This issue of material fact precludes summary disposition, Rule 56(c), F.R.Civ.P., *901 so that the motion for partial summary judgment must be denied.
Insofar as concerns the issue whether the patents in suit cover FWC's once-through boilers, the papers filed by FWC raise serious questions. It would appear that a separate trial of this issue may well result in a substantial saving of time and expense. See, e.g., Berkey Photo, Inc. v. Klimsch-Repro, Inc., 388 F. Supp. 586, 587, Para. 4 (S.D.N.Y.1975) and Capri Jewelry, Inc. v. Hattie Carnegie Jewelry, Ltd., 539 F.2d 846 (2d Cir. 1976). The parties will be notified to appear for a conference with the Court within the near future to explore this possibility further.
B & W's motion to compel arbitration of the "other issues" is scarcely discussed in its supporting memoranda. Since the Settlement Agreement involved only the '646 patent, the only apparent "issues" referred to are those of validity and coverage of that patent. The Indiana court's injunction against arbitration was based upon "the established rule that public interest in questions of patent validity and infringement renders them inappropriate for determination in arbitration proceedings." The authority cited by the Court in support of that statement, the decision of Judge MacMahon of this Court in Diematic Mfg. Corp. v. Packaging Industries, Inc., 381 F. Supp. 1057, 1061 (S.D.N.Y.1974), indeed so rules, as do at least two of the three cases cited by Judge MacMahon, Leesona Corp. v. Cotwool Mfg. Corp., 204 F. Supp. 141 (W.D. S.C.1962), and Zip Mfg. Co. v. Pep Mfg. Co., 44 F.2d 184 (D.Del.1930). And there appears to be universal agreement that, at least insofar as the issue of patent validity is concerned, arbitration is inappropriate. See, e.g., N. V. Maatschappij Voor Industriele Waarden, 532 F.2d 874, 190 U.S.P.Q. 385, 386 (2d Cir. 1976); Beckman Instruments, Inc. v. Technical Development Corp., 433 F.2d 55, 62-63 (7th Cir. 1970). It is true that questions of patent coverage, such as might arise, for example, in an action for royalties under a license agreement, are not infrequently determined by arbitration. See, e.g., Robin Products Co. v. Tomecek, 465 F.2d 1193, 1196 (6th Cir. 1972). But where, as here, the "licensee" (or, more accurately, the party granted immunity from suit) legally attacks not only the patent's coverage but its validity, as it is permitted to do under Lear, Inc. v. Adkins, 395 U.S. 653, 89 S. Ct. 1902, 23 L. Ed. 2d 610 (1969), the action does not assert rights arising under the agreement but instead is virtually tantamount to a repudiation of the agreement. B & W itself apparently regarded the agreement as effectively terminated by FWC's non-payment of royalties when it sued FWC for infringement in the Indiana court, and when it counterclaimed for infringement here. Thus it seems wholly inconsistent and inappropriate for B & W to urge enforcement of the arbitration clause of the agreement, particularly while simultaneously urging this Court to grant a separate and speedy trial of the issue of coverage of the '646 patent.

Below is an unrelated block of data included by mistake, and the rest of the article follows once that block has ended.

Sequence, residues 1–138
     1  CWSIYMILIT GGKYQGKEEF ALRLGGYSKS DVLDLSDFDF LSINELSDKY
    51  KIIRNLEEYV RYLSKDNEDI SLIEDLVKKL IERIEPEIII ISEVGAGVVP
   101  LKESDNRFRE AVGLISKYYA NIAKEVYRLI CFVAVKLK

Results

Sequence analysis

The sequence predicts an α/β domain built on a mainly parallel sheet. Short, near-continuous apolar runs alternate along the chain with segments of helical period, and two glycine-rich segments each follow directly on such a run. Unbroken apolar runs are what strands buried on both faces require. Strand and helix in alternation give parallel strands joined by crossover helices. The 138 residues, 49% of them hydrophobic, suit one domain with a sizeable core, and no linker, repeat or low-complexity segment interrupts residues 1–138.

This Court will therefore deny B & W's motion to compel arbitration of the issues of patent validity or infringement and to stay any proceedings herein pending such arbitration whether or not the Court is bound, by principles of res judicata, to follow the previous ruling of the Indiana court to that effect. See Southern Pacific R.R. Co. v. United States, 168 U.S. 1, 24, 48-49, 18 S. Ct. 18, 42 L. Ed. 355 (1897).
II. Plaintiffs' motion for leave to file an amended complaint
The Complaint now on file in this action seeks a declaratory judgment that B & W's '358 and '646 patents have not been infringed by plaintiffs and are invalid and/or unenforceable on a number of grounds including prior invention, knowledge or use; lack of originality; obviousness; insufficient disclosure; indistinct claiming; unclean hands in prosecution; late claiming; laches; and failure to file a supplemental oath.